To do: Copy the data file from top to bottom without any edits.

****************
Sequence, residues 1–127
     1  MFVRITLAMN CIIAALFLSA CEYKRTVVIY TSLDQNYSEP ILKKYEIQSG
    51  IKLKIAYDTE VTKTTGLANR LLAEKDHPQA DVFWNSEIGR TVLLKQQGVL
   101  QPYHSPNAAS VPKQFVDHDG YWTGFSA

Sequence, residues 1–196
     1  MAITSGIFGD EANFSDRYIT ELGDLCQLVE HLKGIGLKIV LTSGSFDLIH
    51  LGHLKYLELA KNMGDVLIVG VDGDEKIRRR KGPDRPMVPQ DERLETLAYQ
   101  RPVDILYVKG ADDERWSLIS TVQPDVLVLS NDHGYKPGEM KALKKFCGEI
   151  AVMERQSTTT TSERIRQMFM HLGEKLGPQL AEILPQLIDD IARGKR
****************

Sequence, residues 1–127
     1  MFVRITLAMN CIIAALFLSA CEYKRTVVIY TSLDQNYSEP ILKKYEIQSG
    51  IKLKIAYDTE VTKTTGLANR LLAEKDHPQA DVFWNSEIGR TVLLKQQGVL
   101  QPYHSPNAAS VPKQFVDHDG YWTGFSA

Sequence, residues 1–196
     1  MAITSGIFGD EANFSDRYIT ELGDLCQLVE HLKGIGLKIV LTSGSFDLIH
    51  LGHLKYLELA KNMGDVLIVG VDGDEKIRRR KGPDRPMVPQ DERLETLAYQ
   101  RPVDILYVKG ADDERWSLIS TVQPDVLVLS NDHGYKPGEM KALKKFCGEI
   151  AVMERQSTTT TSERIRQMFM HLGEKLGPQL AEILPQLIDD IARGKR